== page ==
Behind the scoreboard in center field there is a pier where ferries can tie up and let off fans right at the park. On game days, fans take to the water of McCovey Cove in boats and even in kayaks, often with fishing nets in the hope of collecting a home run ball. (This echoes what used to happen during McCovey's playing days. Before Candlestick Park's upper deck was extended, the area behind right field was occupied by three small bleacher sections and a lot of open space. Kids in those bleachers would gather behind the right field fence when "Stretch" would come to the plate.) Just beyond the wall behind the ballpark is a public waterfront promenade. Across the cove from the ballpark is McCovey Point and China Basin Park, featuring monuments to past Giants legends.
When the park opened in 2000, taking residence on the right field wall was Rusty, the Mechanical Man based on a theme of Old Navy since the wall was sponsored by the company. Rusty was a two-dimensional robotic ballplayer that stood 14 feet (4.3 m) tall and weighed 5½ tons. The Valencia-based firm, Technifex, engineered, fabricated and programmed Rusty to appear after major plays, during games, as a fully animated giant 1920s-era tin "toy". After technical problems arose with Rusty, it was removed from the Old Navy Splash Landing, though the enclosure that housed him remained for years. In 2006 the Old Navy sponsorship of the wall was terminated and renamed "Levi's Landing". In 2008, the enclosure was removed as that area near the right field foul pole was renovated for a new luxury party suite called the "McCovey Cove Loft".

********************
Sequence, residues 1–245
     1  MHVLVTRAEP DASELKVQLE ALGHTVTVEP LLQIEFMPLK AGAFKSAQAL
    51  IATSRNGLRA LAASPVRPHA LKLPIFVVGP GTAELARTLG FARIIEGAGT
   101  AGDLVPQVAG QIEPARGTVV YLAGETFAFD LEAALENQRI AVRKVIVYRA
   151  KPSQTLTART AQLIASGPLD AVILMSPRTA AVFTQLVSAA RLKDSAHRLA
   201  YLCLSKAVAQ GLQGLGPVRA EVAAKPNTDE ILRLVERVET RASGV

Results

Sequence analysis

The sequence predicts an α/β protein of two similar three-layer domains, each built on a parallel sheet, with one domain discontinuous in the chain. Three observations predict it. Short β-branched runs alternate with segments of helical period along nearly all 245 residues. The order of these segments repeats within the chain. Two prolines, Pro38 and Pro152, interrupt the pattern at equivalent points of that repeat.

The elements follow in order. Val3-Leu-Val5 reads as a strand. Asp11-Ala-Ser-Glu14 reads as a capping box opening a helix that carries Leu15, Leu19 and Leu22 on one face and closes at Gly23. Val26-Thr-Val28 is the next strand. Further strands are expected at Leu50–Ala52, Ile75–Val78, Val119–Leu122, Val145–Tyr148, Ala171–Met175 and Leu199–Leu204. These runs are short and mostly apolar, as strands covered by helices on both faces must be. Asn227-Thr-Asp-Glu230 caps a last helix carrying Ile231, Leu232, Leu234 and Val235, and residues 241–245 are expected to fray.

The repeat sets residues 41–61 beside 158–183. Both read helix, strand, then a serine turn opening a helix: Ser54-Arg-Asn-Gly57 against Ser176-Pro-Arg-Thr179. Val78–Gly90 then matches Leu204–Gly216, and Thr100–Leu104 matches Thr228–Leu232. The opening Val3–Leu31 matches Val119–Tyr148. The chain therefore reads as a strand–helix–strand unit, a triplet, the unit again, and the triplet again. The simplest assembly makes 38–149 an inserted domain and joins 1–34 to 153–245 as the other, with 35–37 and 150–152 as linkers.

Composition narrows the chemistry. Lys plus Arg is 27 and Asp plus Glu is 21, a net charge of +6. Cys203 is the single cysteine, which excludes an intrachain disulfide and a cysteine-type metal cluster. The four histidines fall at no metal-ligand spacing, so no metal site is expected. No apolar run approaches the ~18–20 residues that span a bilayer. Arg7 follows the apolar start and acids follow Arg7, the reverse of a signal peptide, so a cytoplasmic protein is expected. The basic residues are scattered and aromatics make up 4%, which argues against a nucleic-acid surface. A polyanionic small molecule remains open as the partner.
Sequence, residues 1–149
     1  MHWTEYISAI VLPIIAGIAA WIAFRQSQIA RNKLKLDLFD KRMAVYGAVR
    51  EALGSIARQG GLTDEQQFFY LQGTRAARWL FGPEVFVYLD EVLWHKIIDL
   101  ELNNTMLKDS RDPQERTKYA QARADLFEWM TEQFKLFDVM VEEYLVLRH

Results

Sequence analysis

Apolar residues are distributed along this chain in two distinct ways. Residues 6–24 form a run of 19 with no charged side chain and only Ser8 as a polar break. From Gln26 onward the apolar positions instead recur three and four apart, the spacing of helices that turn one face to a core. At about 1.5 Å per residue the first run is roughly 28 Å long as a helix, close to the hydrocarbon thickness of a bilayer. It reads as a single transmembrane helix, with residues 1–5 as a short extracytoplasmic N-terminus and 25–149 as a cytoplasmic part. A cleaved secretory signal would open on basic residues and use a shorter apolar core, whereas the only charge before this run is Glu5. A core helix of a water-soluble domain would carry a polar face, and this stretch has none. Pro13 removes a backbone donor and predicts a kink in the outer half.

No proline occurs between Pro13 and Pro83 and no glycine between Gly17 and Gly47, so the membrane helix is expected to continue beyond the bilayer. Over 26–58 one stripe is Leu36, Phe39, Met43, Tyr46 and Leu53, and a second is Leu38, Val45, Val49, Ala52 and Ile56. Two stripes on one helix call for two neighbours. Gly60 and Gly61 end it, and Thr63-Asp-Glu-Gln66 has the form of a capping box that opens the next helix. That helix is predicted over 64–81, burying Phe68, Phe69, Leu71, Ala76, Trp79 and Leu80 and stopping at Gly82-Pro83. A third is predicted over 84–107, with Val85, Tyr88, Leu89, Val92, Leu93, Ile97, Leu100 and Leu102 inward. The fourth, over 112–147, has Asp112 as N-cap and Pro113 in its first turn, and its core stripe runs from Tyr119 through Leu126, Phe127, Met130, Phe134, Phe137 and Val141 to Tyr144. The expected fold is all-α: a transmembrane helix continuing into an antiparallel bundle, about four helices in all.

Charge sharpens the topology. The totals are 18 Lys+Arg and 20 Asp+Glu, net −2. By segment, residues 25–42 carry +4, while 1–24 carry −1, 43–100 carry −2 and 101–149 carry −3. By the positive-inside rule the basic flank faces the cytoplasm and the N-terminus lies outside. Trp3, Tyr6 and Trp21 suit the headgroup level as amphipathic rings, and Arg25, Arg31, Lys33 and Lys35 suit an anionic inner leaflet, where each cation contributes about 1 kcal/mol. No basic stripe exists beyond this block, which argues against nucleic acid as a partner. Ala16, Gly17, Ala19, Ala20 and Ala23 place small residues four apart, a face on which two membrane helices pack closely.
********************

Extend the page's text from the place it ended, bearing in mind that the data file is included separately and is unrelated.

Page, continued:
Behind the left field bleachers is "The Coca-Cola Fan Lot". The ballpark features an 80-foot (24 m) long Coca-Cola bottle with playground slides that lights up with every Giants home run, and a miniature version of the stadium. "The Coca-Cola Superslide" is popular with children as is with adults, and the terraced levels of the slides are a fun way to catch the game. Bubbles originally accompanied the bottle, but never worked as intended and were removed. If one were viewing the outfield promenade from home plate, directly to the bottle's right is another oversized representation of a ballpark stalwart, the "Giant 1927 Old-Time Four-Fingered Baseball Glove" — this particular one is made of steel and fiberglass. Behind and farther to the left is "The Little Giants Park" – a miniature baseball diamond — sort of a minor league tryout for Pee-Wee Ball.
To the right of the glove sculpture is the elevator and large plaza area for functions and parties to be held during games. It's also the site of "Orlando's", the concessions stand of Giants great Orlando Cepeda. The signature fare at the stand is the "Caribbean Cha Cha Bowl". Right-center field features a real San Francisco cable car numbered 44 (retired cable car #4, formerly #504) in honor of Giants great Willie McCovey. Originally, the cable car had a label that stated "No Dodgers Fans Allowed", as well as one end of the car numbered 24 in honor of Willie Mays and the other end numbered 44 in honor of Willie McCovey. The foghorn — a feature introduced at Candlestick Park by the current Giants ownership group – was transferred to Oracle and hung underneath the scoreboard. It blows when a Giants player hits a home run or at the conclusion of a Giants win. Continuing right takes one to the promenade above the Cove, so that one can make a completely uninterrupted circuit of the park at that concourse level. Both levels of the concourse, inside the stadium, feature not only concession stands of all sorts, but other attractions as well.